Episode 036 – Psalm 23 Pt 3: Still Waters of Rest

Key Passage(s): Psalm 23:2

Were you aware that sheep won’t drink water if it’s moving? It freaks them out. Thus, when David mentions “still waters” in Psalm 23, it’s intentional. Water is life. And sheep need to drink. But as David is doing throughout the psalm, this isn’t about getting water; it’s about getting something much deeper – something we desperately long for and need in the midst of the hecticness of life. If you ever feel unsettled in all that needs to be done, this is a teaching you definitely need to hear.

Discussion Questions

  • What’s your biggest takeaway from the teaching?
  • Where are you feeling the most unsettled in the busyness of life right now?
  • When it was said in the teaching, “We’re not always supposed to be moving. We’re not always supposed to be doing,” what came to mind for you?
  • Do you have anchoring points of rest in the midst of your day where you find that deep, soul-satisfying rest? If so, what are those anchoring points for you?
  • If you don’t have those moments, do you actually believe you need them? Why or why not?
  • If you’re not experiencing these moments of rest and you long to, what needs to happen to make this a part of your life?
  • How will you begin implementing your desired changes this week?

For Further Study

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  1. William Black October 9, 2018 at 6:28 am - Reply

    What‘s the Hebrew for The Lord is ……..
    YEHOVAH EOHIM or????
    in Psalm 23?

  2. JB October 9, 2018 at 8:05 pm - Reply

    Would love to hear a teaching on teaching our children. What can we do to really develop the context of the Bible for them? If we could teach context when we teach the story the first time… perhaps they wouldn’t struggle as we do with all the incorrect understanding of so many stories/passages. I hope that someday you consider writing children’s Bible story books to help kids develop their inner Hebrew/Israelite. But would love a teaching on how you approach this, what resources you use.

    • Brad Gray October 24, 2018 at 12:18 pm - Reply

      JB, I’ll put that on the list of potential things to tackle in the future. In the meantime, I’d like to address this in the final episode on Psalm 23. So thank you for posting this.

      • Doug Hartman October 28, 2018 at 3:52 pm - Reply

        JB’s comment about teaching children to read/understand text in its historical context is an important one. My colleague Sam Wineburg at Stanford has written and studied ‘reading in context’ issues related to history. His book by TC press might be a good starting point for your list of ‘things to tackle in the future’: https://www.tcpress.com/reading-like-a-historian-9780807754030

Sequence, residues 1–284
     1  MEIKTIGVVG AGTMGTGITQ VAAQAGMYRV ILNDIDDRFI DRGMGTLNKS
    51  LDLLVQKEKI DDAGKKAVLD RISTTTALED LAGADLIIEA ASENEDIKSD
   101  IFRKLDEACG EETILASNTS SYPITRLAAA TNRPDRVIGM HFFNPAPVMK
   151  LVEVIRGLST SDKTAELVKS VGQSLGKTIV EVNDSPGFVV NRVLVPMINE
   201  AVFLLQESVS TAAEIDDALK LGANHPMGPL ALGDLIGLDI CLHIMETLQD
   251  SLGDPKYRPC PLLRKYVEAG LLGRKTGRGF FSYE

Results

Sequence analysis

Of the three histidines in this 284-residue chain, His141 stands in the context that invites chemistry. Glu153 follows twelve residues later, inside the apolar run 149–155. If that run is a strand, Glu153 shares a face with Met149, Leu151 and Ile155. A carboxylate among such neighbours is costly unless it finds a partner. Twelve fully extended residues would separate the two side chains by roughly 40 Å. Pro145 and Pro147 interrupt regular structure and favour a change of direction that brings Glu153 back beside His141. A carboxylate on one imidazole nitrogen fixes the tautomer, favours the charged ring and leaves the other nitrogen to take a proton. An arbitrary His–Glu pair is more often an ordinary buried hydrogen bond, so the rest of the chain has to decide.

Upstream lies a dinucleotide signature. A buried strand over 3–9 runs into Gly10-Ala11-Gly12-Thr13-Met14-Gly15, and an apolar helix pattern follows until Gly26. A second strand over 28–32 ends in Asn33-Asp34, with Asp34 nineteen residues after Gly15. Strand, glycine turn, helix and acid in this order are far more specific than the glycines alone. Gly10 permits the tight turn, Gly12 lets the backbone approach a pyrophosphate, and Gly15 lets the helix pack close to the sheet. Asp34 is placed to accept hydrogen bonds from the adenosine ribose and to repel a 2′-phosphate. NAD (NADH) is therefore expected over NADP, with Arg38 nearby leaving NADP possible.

3. Audrey October 12, 2018 at 7:18 am - Reply

    This teaching is exactly what I️ need right now. It is so easy to get caught up in the busyness of the world around us. And, taking the time for those anchoring moments of rest during the day is so important. So, once again, your teaching really resonated with me today. I️ need that tranquility that grounds me. Thank you so much for this series on Psalm 23.

    • Brad Gray October 24, 2018 at 12:17 pm - Reply

      Yep, we all need it! Thank you for sharing this, Audrey.

  4. Tru October 13, 2018 at 1:41 pm - Reply

    I’m enjoying this series. I like how you’re opening my mind to the exact meaning of Psalm 23. Amazing. Btw, still working on creating my central park, as well as, still waters. I’m learning to be still and listen to God.

    • Brad Gray October 24, 2018 at 12:16 pm - Reply

      We’re all on a journey, Tru 🙂 Glad you’re moving forward in yours in these areas!

  5. Doug Hartman October 31, 2018 at 7:34 pm - Reply

    Your Series on Psalm 23 is a ‘Central Park’ for me. Thanks for creating it Brad …

  6. Doug Hartman October 31, 2018 at 7:38 pm - Reply

    In Part 3 I’m still striving to interpret the Biblical text like you do: in its original context.

    The question I’ve been grappling with this week has been:

    Given the Negev desert’s 11th-century terrain, what were the full set of skills a shepherd of that time used to locate and create ‘still waters’ for his sheep? (What were the types of ‘still water’ techniques he used?)

    I searched the resources listed under ‘Further Study’, without success.

    Any other resources?

    • Brad Gray November 12, 2018 at 10:49 am - Reply

      The shepherds knew the land like the back of their hand. Over time, they knew where to find water, where it would likely flood, etc. As long as they knew where to find the water, they could then adapt as necessary so the sheep could drink the water – meaning, cut a small channel if the water was moving too quick in order to get it to “calm” down, or put into a trough (from a well) where the sheep to reach it, etc.

      • Doug November 20, 2018 at 9:20 am - Reply

        Interesting: ‘channel cutting’ & ‘trough filling’ as skills for stilling water. Part 9 of this series spells out what these skills can look like when practiced in our 21st-century lives. Thank you …

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